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3.
Int J Food Microbiol ; 352: 109265, 2021 Aug 16.
Artigo em Inglês | MEDLINE | ID: mdl-34116257

RESUMO

Listeria monocytogenes is a potentially fatal foodborne pathogen that can be found in various ready-to-eat (RTE) products. It tolerates adverse conditions such as high salt concentrations and refrigerated storage, thus, the elimination of the pathogen in food processing often relies on heat processing. The objective of this study was to create a model to predict the effect of salt on heat tolerance of L. monocytogenes in meat and seafood products during heat treatments conducted at 57 to 65 °C to reduce numbers by ≥3 log10 cycles. Salt concentrations, up to 6% in the water phase (WPS%), were applied to cover a variety of lightly salted RTE meat and seafood products. The experimental work involved samples of ground pork tenderloin, ground chicken breast fillet and skinned, ground salmon fillet adjusted to different WPS% i.e., 3.6 and 5.2 WPS% for pork samples, 2.0, 3.0, 3.5 and 6.0 WPS% for chicken samples and 3.0 and 6.0 WPS% for salmon samples. All samples were inoculated with late-stationary phase L. monocytogenes cultures. For pork samples, a two-strain mixture of a pork isolate (MS22254) and an environmental isolate (MS22246) was applied. For chicken and salmon samples, a seafood isolate (MS22258) and isolate MS22246 was applied as single cultures. Samples were vacuum-packed in sterile bags, immerged in water bath, and held at constant temperatures of 57, 60 and 65 °C for pork samples and 58, 61 and 62.5 °C for chicken and salmon samples. For survivor curves, where at least 3 log10-reduction were obtained, heat tolerance was expressed as decimal reduction times, D-values. D-values were observed to increase with increasing WPS%. The effect of salt on heat tolerance of L. monocytogenes was defined as the relative increase (RI-value) in D-value obtained when salt had been added to the food. The effect of WPS% on RI-values was independent of heating temperatures, foods and strains. For secondary modelling, RI-values were transformed using the natural logarithm, ln(RI) and fitted to a linear model as a function of WPS%. Model validation, with 56 independent values collected from the scientific literature, resulted in bias and accuracy factors of 0.89 and 1.26, respectively, suggesting acceptable performance with tendency to slightly under-predict. The developed predictive model can be used to guide the design of heat processes for manufacturers of lightly preserved and mildly processed meat and seafood products requiring more than 3 log10 reduction of L. monocytogenes to ensure safety.


Assuntos
Produtos Pesqueiros/microbiologia , Manipulação de Alimentos/métodos , Listeria monocytogenes/efeitos dos fármacos , Produtos da Carne/microbiologia , Modelos Biológicos , Cloreto de Sódio/farmacologia , Termotolerância/efeitos dos fármacos , Animais , Contagem de Colônia Microbiana , Qualidade de Produtos para o Consumidor , Microbiologia de Alimentos , Temperatura Alta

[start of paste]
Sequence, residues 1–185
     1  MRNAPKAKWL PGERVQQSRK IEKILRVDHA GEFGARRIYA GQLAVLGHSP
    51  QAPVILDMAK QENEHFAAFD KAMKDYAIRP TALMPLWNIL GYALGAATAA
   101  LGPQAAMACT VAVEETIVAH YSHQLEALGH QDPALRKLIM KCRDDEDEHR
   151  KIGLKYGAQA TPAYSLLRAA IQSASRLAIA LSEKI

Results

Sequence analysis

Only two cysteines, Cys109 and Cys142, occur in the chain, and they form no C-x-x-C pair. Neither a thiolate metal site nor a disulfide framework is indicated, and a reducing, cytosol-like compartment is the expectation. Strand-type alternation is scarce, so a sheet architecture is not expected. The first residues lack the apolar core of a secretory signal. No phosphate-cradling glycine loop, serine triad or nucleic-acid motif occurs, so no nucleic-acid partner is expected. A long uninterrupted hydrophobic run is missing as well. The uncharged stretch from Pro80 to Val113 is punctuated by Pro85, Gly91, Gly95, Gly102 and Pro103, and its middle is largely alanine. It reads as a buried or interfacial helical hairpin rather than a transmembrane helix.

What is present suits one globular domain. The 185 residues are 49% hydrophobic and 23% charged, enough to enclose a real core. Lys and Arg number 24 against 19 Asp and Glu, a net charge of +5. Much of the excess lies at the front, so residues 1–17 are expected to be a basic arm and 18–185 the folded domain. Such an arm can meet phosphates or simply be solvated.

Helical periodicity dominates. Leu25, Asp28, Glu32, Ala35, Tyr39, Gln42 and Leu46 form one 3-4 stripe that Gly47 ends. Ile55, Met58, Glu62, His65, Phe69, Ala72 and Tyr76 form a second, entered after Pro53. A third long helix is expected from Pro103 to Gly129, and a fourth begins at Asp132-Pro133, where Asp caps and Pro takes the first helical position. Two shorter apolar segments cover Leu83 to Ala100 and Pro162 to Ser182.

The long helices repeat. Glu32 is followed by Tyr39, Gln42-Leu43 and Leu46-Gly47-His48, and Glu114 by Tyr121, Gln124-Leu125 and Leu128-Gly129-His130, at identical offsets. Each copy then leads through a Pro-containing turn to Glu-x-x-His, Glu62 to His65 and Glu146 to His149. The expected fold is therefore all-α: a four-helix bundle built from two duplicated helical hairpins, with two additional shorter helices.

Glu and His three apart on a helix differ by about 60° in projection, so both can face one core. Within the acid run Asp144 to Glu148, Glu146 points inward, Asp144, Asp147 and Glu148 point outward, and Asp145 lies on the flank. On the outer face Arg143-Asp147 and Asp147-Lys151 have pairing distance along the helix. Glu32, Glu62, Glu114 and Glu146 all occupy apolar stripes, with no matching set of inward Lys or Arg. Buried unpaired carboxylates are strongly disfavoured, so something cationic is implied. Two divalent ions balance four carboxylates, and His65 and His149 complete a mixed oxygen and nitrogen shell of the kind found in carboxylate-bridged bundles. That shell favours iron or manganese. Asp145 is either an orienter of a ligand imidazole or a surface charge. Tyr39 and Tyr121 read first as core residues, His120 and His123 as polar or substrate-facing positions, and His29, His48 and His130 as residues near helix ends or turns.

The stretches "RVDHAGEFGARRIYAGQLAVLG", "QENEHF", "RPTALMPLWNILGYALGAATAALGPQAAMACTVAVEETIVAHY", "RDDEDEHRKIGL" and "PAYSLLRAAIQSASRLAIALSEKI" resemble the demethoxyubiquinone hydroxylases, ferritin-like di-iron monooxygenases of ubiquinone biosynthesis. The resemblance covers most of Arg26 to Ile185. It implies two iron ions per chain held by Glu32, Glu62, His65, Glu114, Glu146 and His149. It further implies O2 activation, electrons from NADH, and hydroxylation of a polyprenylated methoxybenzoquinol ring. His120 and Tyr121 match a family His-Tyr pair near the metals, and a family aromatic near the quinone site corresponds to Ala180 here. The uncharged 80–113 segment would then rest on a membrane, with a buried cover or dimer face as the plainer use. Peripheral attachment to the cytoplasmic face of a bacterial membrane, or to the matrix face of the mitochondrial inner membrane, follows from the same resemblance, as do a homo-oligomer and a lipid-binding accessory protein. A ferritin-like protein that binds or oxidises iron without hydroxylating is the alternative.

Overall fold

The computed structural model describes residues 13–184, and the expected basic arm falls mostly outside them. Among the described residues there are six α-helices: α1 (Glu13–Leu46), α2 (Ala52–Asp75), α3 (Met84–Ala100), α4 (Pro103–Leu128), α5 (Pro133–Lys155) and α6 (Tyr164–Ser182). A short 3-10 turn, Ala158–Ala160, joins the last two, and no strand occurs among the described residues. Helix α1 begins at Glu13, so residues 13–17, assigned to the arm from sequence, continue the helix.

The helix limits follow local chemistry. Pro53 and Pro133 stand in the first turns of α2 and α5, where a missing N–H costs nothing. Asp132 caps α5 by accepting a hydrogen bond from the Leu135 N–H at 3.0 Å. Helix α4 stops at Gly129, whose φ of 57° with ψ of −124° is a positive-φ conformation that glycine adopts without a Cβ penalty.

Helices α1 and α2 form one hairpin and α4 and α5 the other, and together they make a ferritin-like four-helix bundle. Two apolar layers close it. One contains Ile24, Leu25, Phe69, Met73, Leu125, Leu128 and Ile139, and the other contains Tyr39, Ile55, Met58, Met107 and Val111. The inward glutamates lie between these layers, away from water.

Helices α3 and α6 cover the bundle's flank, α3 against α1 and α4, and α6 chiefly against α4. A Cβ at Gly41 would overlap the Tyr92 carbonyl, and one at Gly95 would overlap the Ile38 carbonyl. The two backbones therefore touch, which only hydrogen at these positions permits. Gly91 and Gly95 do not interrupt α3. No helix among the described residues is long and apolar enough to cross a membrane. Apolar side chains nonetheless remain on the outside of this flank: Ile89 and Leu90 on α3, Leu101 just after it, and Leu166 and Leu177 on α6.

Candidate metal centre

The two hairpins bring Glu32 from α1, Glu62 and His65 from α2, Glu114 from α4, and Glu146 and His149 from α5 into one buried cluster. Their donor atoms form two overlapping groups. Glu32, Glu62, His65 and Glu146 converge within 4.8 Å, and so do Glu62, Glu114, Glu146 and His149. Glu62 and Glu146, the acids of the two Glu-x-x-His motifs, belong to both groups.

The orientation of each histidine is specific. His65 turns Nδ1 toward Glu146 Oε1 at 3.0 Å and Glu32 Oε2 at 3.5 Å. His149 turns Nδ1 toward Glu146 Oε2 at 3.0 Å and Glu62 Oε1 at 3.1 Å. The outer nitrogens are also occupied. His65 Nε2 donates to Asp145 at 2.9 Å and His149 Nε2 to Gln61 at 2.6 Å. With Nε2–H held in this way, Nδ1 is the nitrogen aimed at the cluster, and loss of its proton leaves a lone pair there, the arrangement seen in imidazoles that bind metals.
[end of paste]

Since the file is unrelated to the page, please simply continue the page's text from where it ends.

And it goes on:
4.
Int J Pharm ; 602: 120580, 2021 Jun 01.
Artigo em Inglês | MEDLINE | ID: covidwho-1174310

RESUMO

Counterfeiting has never been more challenging than during the COVID-19 pandemic as counterfeit test kits and therapeutics have been discovered in the market. Current anti-counterfeiting labels have weaknesses: they can either be duplicated easily, are expensive or ill-suited for the existing complex supply chains. While RFID tags provide for an excellent alternative to current anti-counterfeiting methods, they can prove to be expensive and other routes involving nanomaterials can be difficult to encrypt. A DNA based anticounterfeiting system has significant advantages such as relative ease of synthesis and vast data storage abilities, along with great potential in encryption. Although DNA is equipped with such beneficial properties, major challenges that limit its real-world anti-counterfeiting applications include protection in harsh environments, rapid inexpensive sequence determination, and its attachment to products. This review elaborates the current progress of DNA based anti-counterfeiting systems and identifies technological gaps that need to be filled for its practical application. Progress made on addressing the primary challenges associated with the use of DNA, and potential solutions are discussed.


Assuntos
Sequência de Bases/genética , Medicamentos Falsificados , Nanoestruturas/análise , Pandemias , Dispositivo de Identificação por Radiofrequência , COVID-19 , Qualidade de Produtos para o Consumidor , DNA , Fraude/prevenção & controle , Humanos , Nanotecnologia/métodos , Garantia da Qualidade dos Cuidados de Saúde , SARS-CoV-2
5.
Int J Pharm ; 602: 120580, 2021 Jun 01.
Artigo em Inglês | MEDLINE | ID: mdl-33839229

RESUMO